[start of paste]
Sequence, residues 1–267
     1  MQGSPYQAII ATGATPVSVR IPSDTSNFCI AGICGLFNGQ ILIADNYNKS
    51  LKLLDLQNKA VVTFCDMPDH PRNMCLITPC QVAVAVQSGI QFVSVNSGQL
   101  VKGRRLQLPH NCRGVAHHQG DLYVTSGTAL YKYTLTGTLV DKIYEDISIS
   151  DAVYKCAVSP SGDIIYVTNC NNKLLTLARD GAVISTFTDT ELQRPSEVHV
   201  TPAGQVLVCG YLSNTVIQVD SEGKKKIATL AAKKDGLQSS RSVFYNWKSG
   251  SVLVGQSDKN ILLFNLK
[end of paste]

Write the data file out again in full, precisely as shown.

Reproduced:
Sequence, residues 1–267
     1  MQGSPYQAII ATGATPVSVR IPSDTSNFCI AGICGLFNGQ ILIADNYNKS
    51  LKLLDLQNKA VVTFCDMPDH PRNMCLITPC QVAVAVQSGI QFVSVNSGQL
   101  VKGRRLQLPH NCRGVAHHQG DLYVTSGTAL YKYTLTGTLV DKIYEDISIS
   151  DAVYKCAVSP SGDIIYVTNC NNKLLTLARD GAVISTFTDT ELQRPSEVHV
   201  TPAGQVLVCG YLSNTVIQVD SEGKKKIATL AAKKDGLQSS RSVFYNWKSG
   251  SVLVGQSDKN ILLFNLK